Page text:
I have three implementations of the B&W image processing core now. One of them uses GEGL, another one is written in C# and the third one in C. On my Core 2 Duo, utilizing only one core, GEGL can process 1.2 megapixels per second, and that’s without dodging and burning. The C# implementation does 6 MP/s, including dodging and burning (8.3 MP/s without), while the C implementation does 36 MP/s, including dodging and burning (59 MP/s without). I haven’t put any effort into optimizing either the C or C# implementations. Given that my C# experience is still rather limited I guess that there’s considerable room for optimization, there. Still, I expected more. If anybody knows to make this C# program faster, I’d be thankful for any hints.
So I guess I’ll be using my C implementation for now and later add the C# one as a fall-back for better portability.
My B&W processing application is progressing quite nicely. Loading/saving/importing/exporting works, and querying image pixels, which is very important, is now also possible. A histogram is still missing, though.
What’s really bugging me at this point is that the image processing is way too slow for interactive use, and I haven’t even implemented dodging and burning, yet. What I’m trying to do now is to see how fast I can implement the image processing by hand in C and in C#. Maybe the managed code implementation is fast enough, which would be wonderful, because then the whole application would have no requirements apart from Mono. We’ll see.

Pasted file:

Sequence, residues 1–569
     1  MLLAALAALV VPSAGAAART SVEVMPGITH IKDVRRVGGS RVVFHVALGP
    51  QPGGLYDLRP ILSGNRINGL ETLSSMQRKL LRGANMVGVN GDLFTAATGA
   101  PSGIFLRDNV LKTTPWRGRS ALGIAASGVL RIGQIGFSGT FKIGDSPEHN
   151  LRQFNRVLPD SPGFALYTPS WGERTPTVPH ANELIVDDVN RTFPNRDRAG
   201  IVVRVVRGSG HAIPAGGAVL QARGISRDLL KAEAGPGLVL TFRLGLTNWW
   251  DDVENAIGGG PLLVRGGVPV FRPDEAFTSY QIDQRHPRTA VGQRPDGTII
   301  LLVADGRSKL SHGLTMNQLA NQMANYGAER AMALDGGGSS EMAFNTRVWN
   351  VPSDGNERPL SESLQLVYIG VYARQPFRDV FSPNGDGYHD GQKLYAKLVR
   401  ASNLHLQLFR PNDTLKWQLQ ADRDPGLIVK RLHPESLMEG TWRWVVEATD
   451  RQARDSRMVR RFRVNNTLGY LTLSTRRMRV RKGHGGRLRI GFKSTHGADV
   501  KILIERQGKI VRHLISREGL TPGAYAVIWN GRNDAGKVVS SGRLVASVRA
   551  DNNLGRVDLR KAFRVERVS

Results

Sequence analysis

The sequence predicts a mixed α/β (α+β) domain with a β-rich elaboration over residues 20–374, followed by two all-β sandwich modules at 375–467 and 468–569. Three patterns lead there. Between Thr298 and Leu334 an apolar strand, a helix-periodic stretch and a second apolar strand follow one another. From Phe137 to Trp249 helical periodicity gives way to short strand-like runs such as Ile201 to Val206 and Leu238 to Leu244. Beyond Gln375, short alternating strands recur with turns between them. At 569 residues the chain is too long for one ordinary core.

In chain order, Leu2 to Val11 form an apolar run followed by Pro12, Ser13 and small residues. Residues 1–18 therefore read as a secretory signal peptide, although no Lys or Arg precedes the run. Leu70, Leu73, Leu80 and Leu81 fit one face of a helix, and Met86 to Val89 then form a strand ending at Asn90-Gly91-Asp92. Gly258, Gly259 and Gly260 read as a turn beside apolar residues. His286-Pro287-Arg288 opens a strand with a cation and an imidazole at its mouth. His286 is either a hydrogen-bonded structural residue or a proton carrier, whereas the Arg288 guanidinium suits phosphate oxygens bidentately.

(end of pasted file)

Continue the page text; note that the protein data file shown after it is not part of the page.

My hack week project has matured a bit. The UI works much better now and tinting works, too (I had to write a custom GEGL operation to implement it). I’ve wasted lots of time wrestling with issues that had to do with GObject reference counting. It sucks not to have GC from the ground up!
Today I’ll be working on loading, saving and exporting.
Oh, if anybody out there could tell me how to remove an item from a GnomeCanvas, I’d be very thankful :-)
It’s been a long time since I’ve last posted on this blog, and a lot has changed. I’m working for Novell now, hacking Mono. Not this week though, because this week is HACK WEEK!
The idea of hack week is, basically, to let everybody work on what is dear to their heart. What’s dear to my heart is photography, and more specifically black and white photography, and so I’ve decided to work on a B&W processing application. The goal is to implement my digital B&W workflow in an easy to use application that’s free and runs on Linux. I’m writing the application in C# and using GEGL as the imaging engine. This is what I have now:
The tint controls aren’t functional yet, but the rest works, more or less. My plan for this week is to get everything that’s in the UI working properly and to implement loading, saving (which must preserve all the B&W adjustments) and exporting (which just saves the end result). I certainly won’t have time to implement dodging and burning this week, though.